Please Stop Bullying SF

You know that expression: "Don't kick a man when he's down?" It's a way of saying that we should not beat others when they are struggling. I'm a longtime resident and think SF is getting a bad rap. 

It seems like everyone wants to pick on San Francisco. It's the media's favorite reversal of fortune story: "Look at expensive, high-flying San Francisco, and see what a mistake it was to buy into it. The crime, the homelessness, the anti-business regulations, the high prices are too much to take. We should all just move to Austin or Dallas and get more square footage, and parking." There's even a series in the San Francisco Chronicle entitled "Exit Interview" about people leaving SF. 

But here's the thing: The San Francisco people have loved for years hasn't changed all that much. It remains a beautiful city, with terrific culture, great weather, interesting people, fantastic educational institutions, and more. People are leaving the city in larger numbers than arriving because their needs changed while national issues made life more difficult. But SF is the same wonderful, challenging, quirky place it's always been. 

Our needs quickly shifted with COVID. Suddenly, we wanted "private outdoor space" to get air without being exposed. Many people can work remotely - giving some who wanted to move the opportunity. And the need for home office space increased. 

But these changes are mostly about how people want to live during the pandemic. They are not a renunciation of what makes living in San Francisco great. Sure, some people will be happy with their move to the suburbs or to Dallas. They got more square footage for the dollar. For others, COVID hastened a move that was coming anyway. 

But some people, like me, really value that unique, non-chain coffee place on the corner. And we love walking to do our shopping and seeing the Castro filled with people dining, and connecting, and laughing - albeit outdoors right now. And I still smile at glimpses of San Francisco's unique style - like a bedazzled Porche parked outside a bar (yes, it's covered in glitter).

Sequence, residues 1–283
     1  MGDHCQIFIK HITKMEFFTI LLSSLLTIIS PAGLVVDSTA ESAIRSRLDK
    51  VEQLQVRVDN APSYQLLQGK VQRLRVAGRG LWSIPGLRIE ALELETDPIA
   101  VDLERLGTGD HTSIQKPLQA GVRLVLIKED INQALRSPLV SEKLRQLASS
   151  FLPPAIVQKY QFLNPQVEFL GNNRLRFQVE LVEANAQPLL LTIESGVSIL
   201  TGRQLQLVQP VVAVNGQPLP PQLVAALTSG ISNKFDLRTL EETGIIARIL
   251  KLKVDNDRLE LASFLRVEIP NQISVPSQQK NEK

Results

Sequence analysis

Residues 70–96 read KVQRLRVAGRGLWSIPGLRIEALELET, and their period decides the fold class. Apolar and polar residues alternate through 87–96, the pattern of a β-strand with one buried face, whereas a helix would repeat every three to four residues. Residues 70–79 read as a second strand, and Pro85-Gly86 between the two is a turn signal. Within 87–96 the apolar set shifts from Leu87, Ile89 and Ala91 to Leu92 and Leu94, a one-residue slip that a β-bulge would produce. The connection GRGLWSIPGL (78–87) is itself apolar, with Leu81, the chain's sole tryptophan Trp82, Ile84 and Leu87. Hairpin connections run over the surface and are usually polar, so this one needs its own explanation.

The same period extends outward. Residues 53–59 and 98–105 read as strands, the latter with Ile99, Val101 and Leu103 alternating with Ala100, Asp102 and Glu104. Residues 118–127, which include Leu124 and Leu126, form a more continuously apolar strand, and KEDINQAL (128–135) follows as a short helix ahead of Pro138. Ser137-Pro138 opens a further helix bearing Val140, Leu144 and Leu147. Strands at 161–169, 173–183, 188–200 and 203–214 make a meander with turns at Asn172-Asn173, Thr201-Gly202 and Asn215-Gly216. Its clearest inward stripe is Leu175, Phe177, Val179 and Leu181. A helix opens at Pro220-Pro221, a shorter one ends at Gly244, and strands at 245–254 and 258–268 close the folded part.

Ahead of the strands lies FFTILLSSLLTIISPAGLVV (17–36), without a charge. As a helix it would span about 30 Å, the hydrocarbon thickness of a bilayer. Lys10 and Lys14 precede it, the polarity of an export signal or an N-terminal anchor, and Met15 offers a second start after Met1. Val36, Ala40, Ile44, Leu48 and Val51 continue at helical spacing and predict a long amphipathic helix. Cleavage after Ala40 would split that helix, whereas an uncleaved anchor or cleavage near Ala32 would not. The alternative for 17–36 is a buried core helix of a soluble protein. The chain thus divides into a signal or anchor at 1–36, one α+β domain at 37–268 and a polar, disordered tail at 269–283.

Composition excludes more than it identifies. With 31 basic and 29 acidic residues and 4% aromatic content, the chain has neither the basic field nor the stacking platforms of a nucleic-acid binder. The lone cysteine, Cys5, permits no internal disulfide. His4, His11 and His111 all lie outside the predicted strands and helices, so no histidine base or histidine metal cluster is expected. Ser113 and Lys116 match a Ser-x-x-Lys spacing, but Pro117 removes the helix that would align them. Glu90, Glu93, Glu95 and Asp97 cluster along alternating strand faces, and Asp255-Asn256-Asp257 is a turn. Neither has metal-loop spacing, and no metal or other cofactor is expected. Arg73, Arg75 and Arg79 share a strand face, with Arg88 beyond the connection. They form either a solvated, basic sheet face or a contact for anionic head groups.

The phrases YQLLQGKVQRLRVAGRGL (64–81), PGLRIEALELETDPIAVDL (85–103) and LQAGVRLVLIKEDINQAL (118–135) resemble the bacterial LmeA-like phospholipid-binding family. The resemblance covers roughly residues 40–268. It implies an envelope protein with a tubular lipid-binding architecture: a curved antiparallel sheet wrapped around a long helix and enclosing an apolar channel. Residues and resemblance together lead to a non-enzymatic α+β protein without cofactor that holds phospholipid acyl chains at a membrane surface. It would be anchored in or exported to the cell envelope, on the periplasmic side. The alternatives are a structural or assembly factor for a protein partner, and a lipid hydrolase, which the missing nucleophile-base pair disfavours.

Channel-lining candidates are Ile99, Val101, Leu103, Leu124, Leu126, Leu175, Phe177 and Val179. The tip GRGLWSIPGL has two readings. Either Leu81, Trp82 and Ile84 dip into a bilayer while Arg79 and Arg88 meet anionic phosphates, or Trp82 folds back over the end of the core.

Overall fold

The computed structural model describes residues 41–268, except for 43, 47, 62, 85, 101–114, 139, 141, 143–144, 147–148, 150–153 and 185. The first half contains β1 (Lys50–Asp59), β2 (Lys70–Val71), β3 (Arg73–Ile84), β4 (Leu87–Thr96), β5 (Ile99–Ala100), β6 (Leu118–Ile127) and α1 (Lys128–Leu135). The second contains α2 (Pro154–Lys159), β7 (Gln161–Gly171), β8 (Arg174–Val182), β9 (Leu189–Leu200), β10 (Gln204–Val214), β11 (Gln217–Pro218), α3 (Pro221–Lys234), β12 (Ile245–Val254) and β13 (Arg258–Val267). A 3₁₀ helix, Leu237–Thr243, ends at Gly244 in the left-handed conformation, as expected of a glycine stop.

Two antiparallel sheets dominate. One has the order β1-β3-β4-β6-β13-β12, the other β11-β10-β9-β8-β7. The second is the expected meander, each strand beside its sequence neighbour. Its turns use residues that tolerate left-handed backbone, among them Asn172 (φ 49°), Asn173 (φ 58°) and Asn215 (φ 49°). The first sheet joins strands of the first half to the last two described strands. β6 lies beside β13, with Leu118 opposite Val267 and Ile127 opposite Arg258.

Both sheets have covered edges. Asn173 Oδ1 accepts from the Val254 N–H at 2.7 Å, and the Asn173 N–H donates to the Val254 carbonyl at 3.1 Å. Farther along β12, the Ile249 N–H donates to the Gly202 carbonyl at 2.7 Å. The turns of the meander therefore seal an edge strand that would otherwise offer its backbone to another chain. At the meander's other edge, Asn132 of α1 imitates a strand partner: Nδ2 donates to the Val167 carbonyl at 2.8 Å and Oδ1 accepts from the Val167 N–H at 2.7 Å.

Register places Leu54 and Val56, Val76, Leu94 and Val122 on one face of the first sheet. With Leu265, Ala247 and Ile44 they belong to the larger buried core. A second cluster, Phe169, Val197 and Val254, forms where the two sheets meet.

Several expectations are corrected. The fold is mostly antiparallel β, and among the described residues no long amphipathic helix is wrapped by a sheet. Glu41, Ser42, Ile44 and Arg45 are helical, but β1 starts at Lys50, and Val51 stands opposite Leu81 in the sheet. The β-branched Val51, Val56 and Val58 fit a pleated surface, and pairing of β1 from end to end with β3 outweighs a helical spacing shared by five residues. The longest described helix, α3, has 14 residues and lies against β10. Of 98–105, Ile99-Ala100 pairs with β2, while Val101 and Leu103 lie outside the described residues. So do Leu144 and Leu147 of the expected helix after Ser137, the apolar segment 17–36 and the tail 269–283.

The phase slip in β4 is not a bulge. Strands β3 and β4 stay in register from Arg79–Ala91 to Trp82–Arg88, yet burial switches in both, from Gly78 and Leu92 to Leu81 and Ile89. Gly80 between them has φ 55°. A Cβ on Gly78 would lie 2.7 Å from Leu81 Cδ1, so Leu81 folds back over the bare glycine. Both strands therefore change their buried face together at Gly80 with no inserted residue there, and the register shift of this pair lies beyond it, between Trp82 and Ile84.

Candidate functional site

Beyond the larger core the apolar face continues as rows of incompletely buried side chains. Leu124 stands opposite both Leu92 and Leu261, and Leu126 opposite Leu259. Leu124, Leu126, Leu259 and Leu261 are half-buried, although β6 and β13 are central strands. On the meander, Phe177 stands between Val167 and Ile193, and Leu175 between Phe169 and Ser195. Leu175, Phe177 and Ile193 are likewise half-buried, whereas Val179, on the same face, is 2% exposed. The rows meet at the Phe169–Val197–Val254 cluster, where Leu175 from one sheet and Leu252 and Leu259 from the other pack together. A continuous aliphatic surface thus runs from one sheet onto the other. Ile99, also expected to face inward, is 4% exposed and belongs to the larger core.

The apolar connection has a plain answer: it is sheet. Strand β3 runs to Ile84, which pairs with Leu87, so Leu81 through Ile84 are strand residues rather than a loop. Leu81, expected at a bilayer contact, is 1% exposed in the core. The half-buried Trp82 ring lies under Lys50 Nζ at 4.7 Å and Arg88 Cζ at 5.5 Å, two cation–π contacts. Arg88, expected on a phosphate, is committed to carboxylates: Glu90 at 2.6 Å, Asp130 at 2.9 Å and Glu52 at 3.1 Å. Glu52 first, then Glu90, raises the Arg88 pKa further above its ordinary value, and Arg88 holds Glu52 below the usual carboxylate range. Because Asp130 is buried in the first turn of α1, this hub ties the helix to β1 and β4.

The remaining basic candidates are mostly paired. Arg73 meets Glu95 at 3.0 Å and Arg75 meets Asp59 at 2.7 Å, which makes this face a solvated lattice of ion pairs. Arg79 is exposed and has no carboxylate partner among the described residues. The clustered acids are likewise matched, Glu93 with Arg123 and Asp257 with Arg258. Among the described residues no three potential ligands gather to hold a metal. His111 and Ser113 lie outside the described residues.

When I DM'd the author of "Exit Interview" and asked if he'd consider including a story about people moving to SF, I got no response. That's not the storyline that he wants to sell. 

I have concerns with the city and don't want to sugar-coat them. Homelessness, cost of living, and other issues are real. But I still love SF and want to be here. And many of these problems are part of broader, national issues like education and income inequality more than SF governance. Pre-COVID I was in Minneapolis – another wonderful city - twice a month. It is also dealing with crime and homelessness and other issues, even when the temperature is well below freezing.

So, our population decline doesn't mean the City's gone from great to terrible or that we were all silly to want to live here. It means the City is evolving as a result of the pandemic and national issues. Did you know that SF is 8th in the nation when you consider the homeless population as a % of residents? We hear a lot about SF's homeless problem, but there's little media bashing of Eugene or Anchorage. 

There's truth in the exodus numbers that can't be ignored - more people are leaving than coming. Yet these numbers aren't the whole story. And the fact that no one wants to tell the part of the narrative that includes people enjoying SF and moving to SF right now is troubling. 

I see signs of healthy, urban life on the streets every day. Guess what! There are people arriving in San Francisco and thrilled about it right now! Some are coming for career reasons, others because it's a dream they can now realize due to lower rents and remote work. Writing only of the exodus is a false narrative - a lie by omission. And that's a shame because piling on to an easy story - San Francisco's demise - serves no one. 

People move for many reasons. It makes sense to leave a dense city during a pandemic. You can get more space elsewhere and, during a pandemic, you can't enjoy many of the things you love about urban life anyway. Dallas isn't San Francisco and San Francisco isn't Dallas – they aren’t the same experience so it’s hard to make a comparison.

To the guy in the "Exit Interview" article who is thrilled with Dallas, I say: "Congrats. You got a city that works for you." I'm glad he's happy there, and I'm glad he created a little more space for the many people, like me, who love SF - warts and all.